It's not the fact that it's ALL bad. The world of Iron City is incredibly well made in tribute to its source material. There are shots that are literally taken from the panels of the manga, capturing that rustic 90's aesthetic that comics of that decade had of the distant future, almost matched by the great CGI of the cyborgs living in it. Christoph Waltz is the best part of Alita: Battle Angel, being the perfect casting of the kind, warm-hearted genius that his manga counterpart was. Nevertheless, it's not the world or its flashy effects that are the problem. It's the story that takes place in it. The beginning of Alita's story in the manga has her father-daughter relationship with Doctor Ido at the centre, emotionally and mentally developing the personality of a mature badass. She makes mistakes but she learns from them, developing the confidence of a capable protagonist young readers could look up to. This film, on the other hand, pushes the Doctor and Alita's development to the sidelines for the sake of unwanted love interest, Hugo. Bloody Hugo.
Originally being introduced much later in the manga, Hugo is pushed forward to steal the spotlight from Doctor Ido, banishing Christoph Waltz to the sidelines to walk Alita through the repetitive oral essays of exposition in what feels like almost all of Hugo's scenes. As mentioned previously, despite coming so close to caring for Alita as a character, that admiration begins to slow the second she starts to fall for the cute boy she doesn't know as soon as her eyes are laid on him. It progresses into a forced, cringey love story that makes Katniss and Peeta from the last two Hunger Games films actually look like a decent couple. Love's unwelcome element cements itself as the focus of the story hereon, being the backdrop to events that would be much more exciting without Hugo's involvement. No matter how much my hopes were briefly raised by a half decent action sequence, they would quickly drop with the inevitable return of the love story that nobody cares about, awful dialogue and the characterisation of Alita herself.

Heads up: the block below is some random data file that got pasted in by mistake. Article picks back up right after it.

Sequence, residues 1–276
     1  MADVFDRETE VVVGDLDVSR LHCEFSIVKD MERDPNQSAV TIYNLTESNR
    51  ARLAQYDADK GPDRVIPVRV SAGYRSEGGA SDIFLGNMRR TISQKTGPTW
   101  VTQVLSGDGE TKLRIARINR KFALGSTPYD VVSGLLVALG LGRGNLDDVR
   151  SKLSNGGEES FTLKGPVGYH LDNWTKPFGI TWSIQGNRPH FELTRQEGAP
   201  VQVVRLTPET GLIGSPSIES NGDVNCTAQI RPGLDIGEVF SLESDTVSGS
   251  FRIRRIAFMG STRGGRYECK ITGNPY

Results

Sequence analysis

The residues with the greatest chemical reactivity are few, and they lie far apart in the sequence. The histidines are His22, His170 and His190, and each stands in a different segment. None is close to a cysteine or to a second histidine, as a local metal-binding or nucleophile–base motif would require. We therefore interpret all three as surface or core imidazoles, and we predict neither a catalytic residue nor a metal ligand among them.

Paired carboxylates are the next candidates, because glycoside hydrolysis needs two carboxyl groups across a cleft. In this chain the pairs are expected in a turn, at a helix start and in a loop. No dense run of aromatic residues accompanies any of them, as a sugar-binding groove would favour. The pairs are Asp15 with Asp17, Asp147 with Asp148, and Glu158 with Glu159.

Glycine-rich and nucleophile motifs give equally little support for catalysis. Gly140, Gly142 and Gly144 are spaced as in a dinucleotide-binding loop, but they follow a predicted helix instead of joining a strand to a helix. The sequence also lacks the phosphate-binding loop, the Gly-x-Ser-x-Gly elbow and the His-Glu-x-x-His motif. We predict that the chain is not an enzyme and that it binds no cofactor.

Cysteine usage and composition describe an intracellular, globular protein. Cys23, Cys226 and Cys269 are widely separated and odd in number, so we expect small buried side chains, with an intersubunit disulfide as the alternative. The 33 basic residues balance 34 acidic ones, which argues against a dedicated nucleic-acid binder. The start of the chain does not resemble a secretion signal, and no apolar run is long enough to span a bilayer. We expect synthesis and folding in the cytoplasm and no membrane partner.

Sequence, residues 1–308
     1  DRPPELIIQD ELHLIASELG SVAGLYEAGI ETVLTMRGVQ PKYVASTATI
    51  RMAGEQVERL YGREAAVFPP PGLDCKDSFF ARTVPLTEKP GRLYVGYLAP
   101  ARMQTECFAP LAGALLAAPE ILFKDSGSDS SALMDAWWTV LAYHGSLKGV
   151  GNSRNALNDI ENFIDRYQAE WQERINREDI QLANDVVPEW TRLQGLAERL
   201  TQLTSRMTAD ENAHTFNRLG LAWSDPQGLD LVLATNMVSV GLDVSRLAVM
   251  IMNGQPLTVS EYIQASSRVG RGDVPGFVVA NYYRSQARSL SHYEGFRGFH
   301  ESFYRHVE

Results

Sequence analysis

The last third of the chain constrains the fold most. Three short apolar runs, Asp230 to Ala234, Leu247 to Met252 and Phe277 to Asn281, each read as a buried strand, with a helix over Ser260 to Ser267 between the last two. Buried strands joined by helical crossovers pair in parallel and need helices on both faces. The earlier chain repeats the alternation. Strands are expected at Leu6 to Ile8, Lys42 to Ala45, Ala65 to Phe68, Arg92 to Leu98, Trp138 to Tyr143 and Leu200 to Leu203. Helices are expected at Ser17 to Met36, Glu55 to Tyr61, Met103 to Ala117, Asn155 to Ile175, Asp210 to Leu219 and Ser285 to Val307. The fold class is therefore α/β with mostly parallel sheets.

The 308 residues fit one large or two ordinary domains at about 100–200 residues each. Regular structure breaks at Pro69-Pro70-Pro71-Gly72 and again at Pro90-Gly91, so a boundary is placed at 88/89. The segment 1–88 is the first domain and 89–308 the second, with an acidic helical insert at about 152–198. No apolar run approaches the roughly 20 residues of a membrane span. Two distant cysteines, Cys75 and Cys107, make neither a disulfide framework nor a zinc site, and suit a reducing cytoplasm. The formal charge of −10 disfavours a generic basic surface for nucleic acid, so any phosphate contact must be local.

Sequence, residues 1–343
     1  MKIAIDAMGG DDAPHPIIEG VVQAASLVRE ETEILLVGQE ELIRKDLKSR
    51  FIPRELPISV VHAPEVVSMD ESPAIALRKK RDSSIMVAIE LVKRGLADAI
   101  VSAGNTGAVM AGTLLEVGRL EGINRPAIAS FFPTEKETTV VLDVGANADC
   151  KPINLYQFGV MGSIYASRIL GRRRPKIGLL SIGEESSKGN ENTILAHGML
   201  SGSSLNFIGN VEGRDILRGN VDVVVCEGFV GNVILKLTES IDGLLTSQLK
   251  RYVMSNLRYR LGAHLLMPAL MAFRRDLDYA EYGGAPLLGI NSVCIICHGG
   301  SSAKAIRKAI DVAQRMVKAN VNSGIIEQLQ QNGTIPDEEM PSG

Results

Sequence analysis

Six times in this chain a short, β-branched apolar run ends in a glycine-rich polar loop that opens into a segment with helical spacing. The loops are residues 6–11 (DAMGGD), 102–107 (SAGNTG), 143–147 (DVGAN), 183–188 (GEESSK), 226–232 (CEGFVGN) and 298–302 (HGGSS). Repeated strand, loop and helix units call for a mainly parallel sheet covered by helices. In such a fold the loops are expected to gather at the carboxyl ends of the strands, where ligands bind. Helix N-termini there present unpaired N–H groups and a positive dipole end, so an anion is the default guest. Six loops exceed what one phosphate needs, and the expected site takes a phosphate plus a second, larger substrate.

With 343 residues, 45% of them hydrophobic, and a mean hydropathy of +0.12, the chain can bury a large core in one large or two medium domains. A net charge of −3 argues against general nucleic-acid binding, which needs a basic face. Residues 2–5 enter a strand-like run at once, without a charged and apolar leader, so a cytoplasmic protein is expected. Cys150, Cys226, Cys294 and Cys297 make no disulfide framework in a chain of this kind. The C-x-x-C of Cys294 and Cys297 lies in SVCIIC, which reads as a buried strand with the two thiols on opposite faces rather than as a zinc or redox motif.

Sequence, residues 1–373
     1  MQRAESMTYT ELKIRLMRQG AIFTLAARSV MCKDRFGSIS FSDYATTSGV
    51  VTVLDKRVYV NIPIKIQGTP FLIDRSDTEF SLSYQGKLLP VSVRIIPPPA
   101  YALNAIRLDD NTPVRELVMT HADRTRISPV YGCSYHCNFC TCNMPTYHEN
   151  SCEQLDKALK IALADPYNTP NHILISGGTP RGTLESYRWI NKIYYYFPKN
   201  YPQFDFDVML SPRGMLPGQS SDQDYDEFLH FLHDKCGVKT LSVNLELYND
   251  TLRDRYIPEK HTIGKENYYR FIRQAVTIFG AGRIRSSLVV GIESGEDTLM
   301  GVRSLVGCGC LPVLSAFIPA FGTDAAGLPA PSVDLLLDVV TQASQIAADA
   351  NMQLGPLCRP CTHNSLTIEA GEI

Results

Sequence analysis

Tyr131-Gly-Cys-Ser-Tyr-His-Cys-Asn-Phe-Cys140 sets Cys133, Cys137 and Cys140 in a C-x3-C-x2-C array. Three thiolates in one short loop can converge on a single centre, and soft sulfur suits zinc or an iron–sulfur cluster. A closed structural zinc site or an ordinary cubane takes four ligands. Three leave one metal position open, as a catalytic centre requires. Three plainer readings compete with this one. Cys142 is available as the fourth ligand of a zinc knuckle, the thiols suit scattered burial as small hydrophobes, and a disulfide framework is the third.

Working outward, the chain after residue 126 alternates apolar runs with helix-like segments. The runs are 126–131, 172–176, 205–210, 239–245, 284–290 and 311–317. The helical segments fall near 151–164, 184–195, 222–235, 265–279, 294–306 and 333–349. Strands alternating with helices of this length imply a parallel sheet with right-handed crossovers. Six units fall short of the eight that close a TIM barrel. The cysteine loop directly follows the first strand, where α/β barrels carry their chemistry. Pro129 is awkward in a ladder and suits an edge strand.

A combination of an uneven performance by Rosa Salazar and poor writing made me go from loving Alita as a character to hating her at a record speed. In scenes where she's supposed to be the hero, she comes off more as a reckless brat, with enough over-the-top angry facial expressions mid-shout to make you want to pause it for a minute, just for the sake of getting a good laugh out. That brings me to the full extent of how bad this writing is: me and my friends who I saw this in the cinema with, we couldn't stop laughing. In moments where Alita is giving some form of half-arsed speech, jumping on a table Spider-Man style for the sake of emphasis, or offering to sell her literal heart for a hot guy she met two days ago, it feels like a middle finger to every great female protagonist. The only form of development on Alita's part is based entirely around this one attractive male love interest. I mean why worry about anything else, or even her relationship with her compassionate father figure who gave her a new life, when you can just lazily shift focus onto the hot guy who'll provide the obligatory shirtless shot for the sake of wooing the 14 year-old girls in the audience?